Chalt 2 - Bringing Chilli to Every Meal

Introduction: Chalt 2 - Bringing Chilli to Every Meal

In my previous instructable "Chalt, the condiment of 2012 and beyond" I detailed how to make chilli salt using the method of frying and baking chillies with salt

The result was pretty good but the process was pretty hazardous and there were still problems with moisture in the salt. So taking in some suggestions and with a bit of lateral thinking I decided to try a different method.

I am currently staying in the middle of nowhere away from any shops so I had to use what was laying around. Luckily I had some salt and some chillies, so that was enough for a proof of concept.

Now a quick warning (the first one) - If you live with people it may beneficial to explain that you are in fact making Chalt and that you have not resorted to cooking Meth for money (you will see what I mean later).

The second warning: The fumes from this process are, although I think pretty harmless, quite noxious. I had to abandon my hob top boiling because where I am now there is no extractor and I was choking everyone in the house. I will explain how I tried to get around this during the instructable.

Anyway here it is Chalt 2: "Salt but not as we no it."

Step 1: Chillies, Salt and Water (and a Little Dash of Vinegar)

I only had a little salt left in the house and a couple of chillies so as I mentioned earlier this is a more a proof of method. I will say the results are good taste-wise but I have some tweeks to make yet. This does make some damn tasty salt though!

Okay, get your chillies, chop 'em up and put them in a pan of water. Basically you are trying to infuse as much chilli essence into the water as  you can. I added a bit of vinegar to the water because I thought it might bring out a little more of the chilli. Take the pan to the boil.

After around 10 to 15 minutes of boiling heavily clutch at your throat and start choking. Let water stream from your eyes and snot roll from you nose. Once everyone in the house is doing the same then this stage is complete. (Note: you may want to skip this step and infuse slowly in the oven as I decided to half way through. As suggested by someone in my last instructable).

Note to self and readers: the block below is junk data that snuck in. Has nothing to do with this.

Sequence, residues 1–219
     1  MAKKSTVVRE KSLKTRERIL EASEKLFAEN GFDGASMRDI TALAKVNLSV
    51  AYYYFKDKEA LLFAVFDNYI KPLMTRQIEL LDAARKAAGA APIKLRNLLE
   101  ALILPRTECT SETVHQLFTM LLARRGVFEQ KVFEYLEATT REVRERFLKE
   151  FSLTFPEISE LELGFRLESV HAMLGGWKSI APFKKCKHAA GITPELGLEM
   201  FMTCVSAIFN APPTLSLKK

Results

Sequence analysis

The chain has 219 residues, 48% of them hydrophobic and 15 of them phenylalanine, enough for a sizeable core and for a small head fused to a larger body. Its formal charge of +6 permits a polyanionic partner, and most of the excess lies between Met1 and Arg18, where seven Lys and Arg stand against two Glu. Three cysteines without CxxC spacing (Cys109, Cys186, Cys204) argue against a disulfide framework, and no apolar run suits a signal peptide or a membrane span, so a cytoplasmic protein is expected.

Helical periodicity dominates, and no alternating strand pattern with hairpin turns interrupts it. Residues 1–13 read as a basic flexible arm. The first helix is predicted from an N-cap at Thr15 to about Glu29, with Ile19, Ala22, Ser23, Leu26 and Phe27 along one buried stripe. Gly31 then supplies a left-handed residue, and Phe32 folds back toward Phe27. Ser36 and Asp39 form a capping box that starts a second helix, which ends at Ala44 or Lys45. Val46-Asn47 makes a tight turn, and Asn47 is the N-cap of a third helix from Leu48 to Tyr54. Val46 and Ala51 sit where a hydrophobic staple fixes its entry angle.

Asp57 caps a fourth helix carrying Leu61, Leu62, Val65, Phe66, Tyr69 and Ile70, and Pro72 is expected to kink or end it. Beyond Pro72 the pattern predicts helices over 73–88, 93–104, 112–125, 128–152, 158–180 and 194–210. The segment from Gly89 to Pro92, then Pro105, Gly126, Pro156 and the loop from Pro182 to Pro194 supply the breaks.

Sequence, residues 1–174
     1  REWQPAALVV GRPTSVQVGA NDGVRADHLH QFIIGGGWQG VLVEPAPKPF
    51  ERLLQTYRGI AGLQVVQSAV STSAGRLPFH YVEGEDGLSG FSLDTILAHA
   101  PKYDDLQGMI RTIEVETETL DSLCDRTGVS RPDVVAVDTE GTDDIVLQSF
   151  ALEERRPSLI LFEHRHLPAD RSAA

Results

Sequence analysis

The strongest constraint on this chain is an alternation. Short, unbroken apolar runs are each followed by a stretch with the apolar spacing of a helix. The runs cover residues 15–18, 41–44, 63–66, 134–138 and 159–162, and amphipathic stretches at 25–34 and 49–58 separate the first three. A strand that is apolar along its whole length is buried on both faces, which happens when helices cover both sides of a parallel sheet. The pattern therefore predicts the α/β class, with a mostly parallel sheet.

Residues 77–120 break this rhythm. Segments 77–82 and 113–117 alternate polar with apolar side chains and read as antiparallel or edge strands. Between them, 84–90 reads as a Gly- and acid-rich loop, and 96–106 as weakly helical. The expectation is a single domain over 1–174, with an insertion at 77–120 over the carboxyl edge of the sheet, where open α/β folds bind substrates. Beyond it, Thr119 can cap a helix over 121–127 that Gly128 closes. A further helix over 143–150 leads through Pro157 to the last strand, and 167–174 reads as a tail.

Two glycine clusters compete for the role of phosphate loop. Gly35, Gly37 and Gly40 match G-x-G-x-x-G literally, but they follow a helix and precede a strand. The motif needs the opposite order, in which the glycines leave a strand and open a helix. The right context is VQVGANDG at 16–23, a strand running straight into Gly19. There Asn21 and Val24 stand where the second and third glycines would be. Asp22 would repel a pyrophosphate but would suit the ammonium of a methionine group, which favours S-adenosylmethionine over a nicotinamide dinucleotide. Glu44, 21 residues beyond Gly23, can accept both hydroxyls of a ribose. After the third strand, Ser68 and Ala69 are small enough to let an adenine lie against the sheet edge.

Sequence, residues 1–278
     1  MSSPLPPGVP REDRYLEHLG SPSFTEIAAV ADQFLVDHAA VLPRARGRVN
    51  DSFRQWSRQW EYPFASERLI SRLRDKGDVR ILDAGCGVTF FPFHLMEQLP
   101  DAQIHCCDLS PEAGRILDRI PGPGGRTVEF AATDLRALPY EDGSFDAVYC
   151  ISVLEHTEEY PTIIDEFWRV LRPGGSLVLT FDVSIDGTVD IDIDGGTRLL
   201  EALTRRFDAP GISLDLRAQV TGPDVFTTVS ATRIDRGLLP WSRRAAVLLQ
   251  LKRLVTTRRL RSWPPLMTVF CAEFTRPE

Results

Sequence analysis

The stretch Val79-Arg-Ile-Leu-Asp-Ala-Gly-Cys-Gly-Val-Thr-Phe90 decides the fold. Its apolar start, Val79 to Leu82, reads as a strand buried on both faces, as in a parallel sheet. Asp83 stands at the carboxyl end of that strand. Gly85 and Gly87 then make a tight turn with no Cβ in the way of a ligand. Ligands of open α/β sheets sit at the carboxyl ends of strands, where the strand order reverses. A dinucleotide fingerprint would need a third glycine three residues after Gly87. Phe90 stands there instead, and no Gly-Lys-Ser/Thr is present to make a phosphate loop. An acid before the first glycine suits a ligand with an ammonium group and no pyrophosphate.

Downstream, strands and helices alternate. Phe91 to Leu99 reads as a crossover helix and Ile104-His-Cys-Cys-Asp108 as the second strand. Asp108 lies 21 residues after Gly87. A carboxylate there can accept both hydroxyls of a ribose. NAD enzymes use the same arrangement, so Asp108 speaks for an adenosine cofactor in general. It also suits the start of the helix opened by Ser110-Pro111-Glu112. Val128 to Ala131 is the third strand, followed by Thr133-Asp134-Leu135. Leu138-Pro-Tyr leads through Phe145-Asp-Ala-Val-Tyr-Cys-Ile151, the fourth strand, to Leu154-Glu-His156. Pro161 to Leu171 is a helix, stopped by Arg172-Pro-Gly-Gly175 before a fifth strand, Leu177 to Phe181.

Step 2: Infusion and Straining

After the water and chillies have infused in the water (I left them steeping for a while, a couple of days would be best) strain thoroughly through a fine mesh or muslin. There you have your chilli water. Taste it for potency.

At this point re-heat the water and dissolve salt in until saturation point is reached. That is the point at which no more salt will dissolve in the solution.

You now have you Chalt solution.

The second photo shows the strained liquid in a silicon baking tray.

Step 3: Baking

I then put the solution in the oven on 120 degrees C to let it evaporate off. This could be done slower, or in the sun if you are so blessed. i just wanted results.

The result is these rather dirty looking crystals. I ground them fine and stuck em in the oven again to get the rest of the moisture out. I left it to cool and there you have it "Chalt".

I think next time longer evaporation times, maybe a little crystal garden. Basically, I want big crystals.

Have ago and give us some feed back. any ideas on making cleaner looking Chalt.